The Tree of a Son of Skye

History | Culture | Ancestry

Then and Now – Springburn No More

We are very lucky in Scotland in that we have such a wealth of resources to draw upon in researching personal family histories. From the Scotland’s People website which offers parish and statutory records dating back to the medieval period, to the digitised historic maps of the National Library of Scotland. We can even access historical tax records at Scotland’s Places and learn about the smallest details of our ancestor’s life.

For the amateur genealogist, websites like Google Maps are also proving to be an extremely useful resource for travelling to multiple locations around the world in the space of an afternoon from the comfort and convenience of your own desk.

So I thought it might be a good idea to put together a series showing locations that had relevance to my ancestors and how many of the buildings have been transformed or disappeared in more recent times.

  John McDonald (born 1892)

My Great-Grandfather John McDonald was one of a long line of my family to be born in Springburn, Glasgow. He was born at the height of the British Empire and worked in the locomotive works at a time when Springburn constructed approximity 25% of the world’s locomotives and railways. It declined steeply during the 20th century and nearly all of its fine Victorian buildings have been demolished, leaving patches of grass and flat open spaces full of rubble, where grand buildings and a vibrant community once stood. John McDonald was born at 7 Springvale Place, Springburn in 1892. It took me a while to find this, but I finally found it on a map dated 1913.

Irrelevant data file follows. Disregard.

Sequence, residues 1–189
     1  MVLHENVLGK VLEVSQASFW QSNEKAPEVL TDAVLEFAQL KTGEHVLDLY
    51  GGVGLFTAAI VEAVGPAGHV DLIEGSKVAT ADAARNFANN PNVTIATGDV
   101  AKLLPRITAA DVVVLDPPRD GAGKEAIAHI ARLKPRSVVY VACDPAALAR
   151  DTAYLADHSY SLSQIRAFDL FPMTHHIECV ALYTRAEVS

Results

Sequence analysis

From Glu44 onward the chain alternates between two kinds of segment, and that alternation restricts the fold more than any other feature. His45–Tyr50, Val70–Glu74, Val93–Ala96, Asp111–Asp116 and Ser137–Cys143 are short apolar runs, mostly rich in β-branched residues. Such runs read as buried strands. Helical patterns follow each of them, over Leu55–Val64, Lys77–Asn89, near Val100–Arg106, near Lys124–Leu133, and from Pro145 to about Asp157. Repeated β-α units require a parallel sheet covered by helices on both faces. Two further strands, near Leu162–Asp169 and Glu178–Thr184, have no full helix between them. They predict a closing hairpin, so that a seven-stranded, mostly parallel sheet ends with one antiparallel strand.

SpringvalePlace1913

Site of Springvale Place from a 1913 publication. By 1932 it had been demolished and appears on a map of that time as a public park.

Springvale Place in 2013, now the site of Springvale lesiure centre and an off-ramp from the A803. The remains of Union and North Streets can just be made out. As can be seen, there has been a significant changes to the road lay outs and nearly all of the buildings have been demolished.

Springvale Place in 2013, now the site of Springburn Leisure Centre and an off-ramp from the A803. The feint remains of Union and North Streets can just be made out. As can be seen, there have been significant changes to the road lay out and nearly all of the original buildings have been demolished.

The rear of Springburn Leisure Centre, from Kay Street which shows what would have been the approximate location of Springvale Place.

The rear of Springburn Leisure Centre, from Kay Street, which shows what would have been the approximate location of Springvale Place. It would have run horizontally from left to right in this picture.

It is difficult to understate how much Springburn has been decimated in the last 40 years. My family of MacDonald’s lived in a number of streets throughout the area over 5 generations and most of the area in 2013 would be unrecognisable to them. Reading through forums of former residents of the area shows the horror and disgust of how much has been lost, and how a respectable community has had its pride taken away. The death of  the town centre is hardly an isolated incident in Scotland, but the sheer decimation of Springburn is particularly striking.  Government and local authorities are currently struggling to find solutions to our empty town centres, which have been absolutely ruined by the disastrous town planning of the 1960s and 1970s.